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Re: lights are on, no one's in.

From: Al Gilman <asgilman@iamdigex.net>
Date: Wed, 07 Nov 2001 10:11:05 -0500
Message-Id: <Version.32.20011107092427.0416fa40@pop.iamdigex.net>
To: <w3c-wai-ig@w3.org>
At 07:13 AM 2001-11-07 , Jim Ley wrote:
>"Jonathan Chetwynd":
>> One can check if the user agent supports a given snippet.
>> However is there anyway to check if the user has access to a given i/o
>> device?
>>
>> ie a mouse, mousewheel, etc
>
>Of course not, and even if there was, there's no way to tell if they
>actually are actually able to use the one they have got.   The most you
>can do is check to see if the UA supports things, but that's no guarantee
>that the user can (or even the actual system, consider Jaws, it changes
>radically how IE works).  Anything that you need to know about a user
>cannot be gained by a computer, and I would also oppose anything that
>went in this direction (it's putting an undue burden on users to describe
>their situation, whilst I'm very keen on educating users, I don't think
>it's feasible.)
>

AG::

First, yes! you can't tell what the user can do, or can do readily, by
querying
the hardware.

On the other hand, sometimes there are enough twiddle factors so that it pays
to nominate a user interface profile of settings for them to accept or adjust,
not just leave them to grope their way to a sweet spot.  In this case it pays
to be scientific in how you learn about what is easy and what is hard.  And
this is not impossible.  It is useful to know about the work that Eric
Velleman
did with users with limited but somewhat usable vision.

Pre-testing for user-profiles (Velleman CSUN 2000)
<http://www.csun.edu/cod/conf2000/proceedings/0078Velleman.html>http://www.
csun.edu/cod/conf2000/proceedings/0078Velleman.html

The response to this ergonometric exercise needs to be carried out as hints or
nominations in the context of an "author proposes, user disposes" framework
which has the last say.

>You just need to ensure that even if it's there but there's no mousewheel
>it is still usable.
>
>> My current project is designing a toolbar.
>> If a mousewheel is available many of the options are hidden, if not
>they are
>> shown.(hence)
>> This dramatically effects the GUI.
>>

How about the page wakes up with the large button bar and there is one more
button with a wheelMouse image on it that flops to the other UI with the
abbreviated button bar?  But the mode button survives with 'not' red bar in
circle overprint on mouse to say "not using wheelmouse" and restore the long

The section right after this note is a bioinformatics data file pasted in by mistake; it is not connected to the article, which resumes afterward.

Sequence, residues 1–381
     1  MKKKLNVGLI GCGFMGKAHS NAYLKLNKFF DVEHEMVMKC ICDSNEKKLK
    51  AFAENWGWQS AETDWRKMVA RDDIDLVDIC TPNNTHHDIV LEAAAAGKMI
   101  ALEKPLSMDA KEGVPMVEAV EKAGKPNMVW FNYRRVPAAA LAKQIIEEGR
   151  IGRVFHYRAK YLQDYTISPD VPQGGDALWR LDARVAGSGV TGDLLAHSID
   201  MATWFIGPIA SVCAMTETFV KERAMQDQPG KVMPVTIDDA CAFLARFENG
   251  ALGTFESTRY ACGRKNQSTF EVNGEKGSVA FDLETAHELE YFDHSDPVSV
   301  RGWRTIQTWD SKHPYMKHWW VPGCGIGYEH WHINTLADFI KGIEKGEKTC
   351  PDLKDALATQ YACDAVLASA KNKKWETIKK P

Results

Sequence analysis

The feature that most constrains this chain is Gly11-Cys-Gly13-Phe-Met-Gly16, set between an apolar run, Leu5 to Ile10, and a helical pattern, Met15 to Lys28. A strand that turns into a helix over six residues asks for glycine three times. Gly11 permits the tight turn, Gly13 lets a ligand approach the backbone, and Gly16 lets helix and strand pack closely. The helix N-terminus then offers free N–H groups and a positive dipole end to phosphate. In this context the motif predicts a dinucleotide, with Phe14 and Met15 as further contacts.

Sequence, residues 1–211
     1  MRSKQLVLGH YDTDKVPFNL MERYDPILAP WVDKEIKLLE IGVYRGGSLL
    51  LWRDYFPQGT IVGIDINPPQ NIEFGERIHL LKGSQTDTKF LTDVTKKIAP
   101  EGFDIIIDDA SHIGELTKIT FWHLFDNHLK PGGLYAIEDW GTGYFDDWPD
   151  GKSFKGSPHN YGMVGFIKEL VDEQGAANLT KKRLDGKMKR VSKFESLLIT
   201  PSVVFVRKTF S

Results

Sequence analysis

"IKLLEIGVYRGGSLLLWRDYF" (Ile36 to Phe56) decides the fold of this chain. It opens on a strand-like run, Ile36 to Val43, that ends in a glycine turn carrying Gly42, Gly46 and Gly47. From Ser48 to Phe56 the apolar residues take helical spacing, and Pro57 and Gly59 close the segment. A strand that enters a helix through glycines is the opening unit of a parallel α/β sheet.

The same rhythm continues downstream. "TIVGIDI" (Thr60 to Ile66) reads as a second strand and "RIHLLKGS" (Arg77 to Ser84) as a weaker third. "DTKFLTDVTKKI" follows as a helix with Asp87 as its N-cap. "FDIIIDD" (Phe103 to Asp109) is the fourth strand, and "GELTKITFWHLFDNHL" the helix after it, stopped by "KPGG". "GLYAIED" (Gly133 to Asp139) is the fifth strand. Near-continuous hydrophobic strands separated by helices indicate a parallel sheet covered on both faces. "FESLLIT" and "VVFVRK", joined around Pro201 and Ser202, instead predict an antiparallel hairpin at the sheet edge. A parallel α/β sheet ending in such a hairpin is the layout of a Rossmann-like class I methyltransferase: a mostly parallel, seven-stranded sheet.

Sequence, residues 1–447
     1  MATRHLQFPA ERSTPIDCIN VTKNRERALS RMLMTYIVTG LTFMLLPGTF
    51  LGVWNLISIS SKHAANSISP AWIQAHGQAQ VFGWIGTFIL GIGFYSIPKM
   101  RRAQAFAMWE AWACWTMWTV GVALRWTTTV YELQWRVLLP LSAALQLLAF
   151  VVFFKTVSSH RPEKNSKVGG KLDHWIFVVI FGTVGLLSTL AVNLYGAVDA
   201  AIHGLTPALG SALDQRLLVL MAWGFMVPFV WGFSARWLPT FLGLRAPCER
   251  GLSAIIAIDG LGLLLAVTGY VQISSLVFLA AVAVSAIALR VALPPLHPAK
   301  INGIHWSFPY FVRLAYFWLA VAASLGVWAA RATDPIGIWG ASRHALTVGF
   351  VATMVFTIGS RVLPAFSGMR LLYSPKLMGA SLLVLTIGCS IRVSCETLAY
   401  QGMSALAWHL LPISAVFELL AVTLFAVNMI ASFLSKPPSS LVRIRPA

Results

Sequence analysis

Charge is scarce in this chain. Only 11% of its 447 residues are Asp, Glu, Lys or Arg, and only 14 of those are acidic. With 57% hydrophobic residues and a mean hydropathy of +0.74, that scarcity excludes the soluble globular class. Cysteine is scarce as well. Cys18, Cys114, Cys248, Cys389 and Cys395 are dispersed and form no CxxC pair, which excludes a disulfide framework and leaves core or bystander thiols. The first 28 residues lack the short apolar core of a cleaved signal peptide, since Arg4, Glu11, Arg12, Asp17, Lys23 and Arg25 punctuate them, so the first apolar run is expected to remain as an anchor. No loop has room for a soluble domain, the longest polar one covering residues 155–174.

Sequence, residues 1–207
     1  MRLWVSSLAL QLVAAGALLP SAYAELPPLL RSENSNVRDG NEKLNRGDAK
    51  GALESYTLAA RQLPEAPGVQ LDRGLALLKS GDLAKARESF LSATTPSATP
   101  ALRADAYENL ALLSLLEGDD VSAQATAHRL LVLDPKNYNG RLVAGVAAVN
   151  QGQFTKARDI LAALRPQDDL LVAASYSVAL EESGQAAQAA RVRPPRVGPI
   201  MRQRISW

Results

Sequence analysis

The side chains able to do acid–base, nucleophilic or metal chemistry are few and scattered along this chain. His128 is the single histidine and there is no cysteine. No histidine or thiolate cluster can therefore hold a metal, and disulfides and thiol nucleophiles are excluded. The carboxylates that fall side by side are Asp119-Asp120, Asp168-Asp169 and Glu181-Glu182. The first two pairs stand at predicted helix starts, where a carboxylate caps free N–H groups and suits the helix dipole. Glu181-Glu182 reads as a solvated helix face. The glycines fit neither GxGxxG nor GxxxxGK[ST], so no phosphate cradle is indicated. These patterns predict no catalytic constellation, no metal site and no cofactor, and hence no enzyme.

buttonbar?

The point is that you can't just go behind the user's back to learn if they
are
happy to use the wheelmouse, even if you can test to learn it is installed. 
This is a major issue in the Device Independence domain, where the conditions
of the "delivery context" are understood to include what the user can and
cannot do readily and happily; but the hardware is much easier to check for.

I haven't played with any of the personalization functions of major sites, but
have you benchmarked how myYahoo works, etc?

Do you have an antechamber to your site where visitors brush off their shoes
and leave their bumbershoots?

Why not just ask them to twiddle the [optional/advanced] controls if they wish
to have them available at this point?  Then you can go with a session state
that retains this preference.  People are trying to leap too far to cross-site
preferences that persist and are applied a_priori.  We should start just with
remembering what we have learned on the fly on this site in this session.
Then
worry about how to propagate.  For you the issue is getting the users to
check-drive the advanced features, accept them, and then you can confidently
employ them in that session.

Basic idea is that the user has to know that they have choices and have some
idea of what the choices are, at least to the point that they can try, and can
escape from, any of them.

Al

>> The pre-beta, is here:
<http://www.peepo.com/2k1/mousewheel/>http://www.peepo.com/2k1/mousewheel/
>
>Please start off with good scripting techniques, try and get into the
>habit of using object detection. IIRC Konquerer supports mousewheel and
>document.all, but I'm pretty sure it will error on your script. and
>onload="defaultEvents" doesn't do what you think...
>
>This is better - also remember that all browsers which support mousewheel
>also support at least a subset of HTML DOM1/2 so using these will future
>proof your code rather than the obsoleted (and slow) document.all
>approach.
>
>var ImageNumber = 1;
>function shiftUpDown() {
>  d=document
>  ImageNumber = countRotations(ImageNumber);
>  if (objImage && objHref && d.images && d.links) {
>   objImage.src=d.images[ImageNumber-1].src
>   objImage.alt=d.images[ImageNumber-1].alt
>   objHref.href=d.links[ImageNumber+1].href
>   window.status=objImage.alt
>  }
>  return false;
>}
>
>
>function countRotations(addRotations) {
>  if (event && Number(event.wheelData)==event.wheelData) {
>   addRotations += event.wheelDelta/120;
>  }
>  return addRotations;
>}
>  
Received on Wednesday, 7 November 2001 10:08:09 GMT

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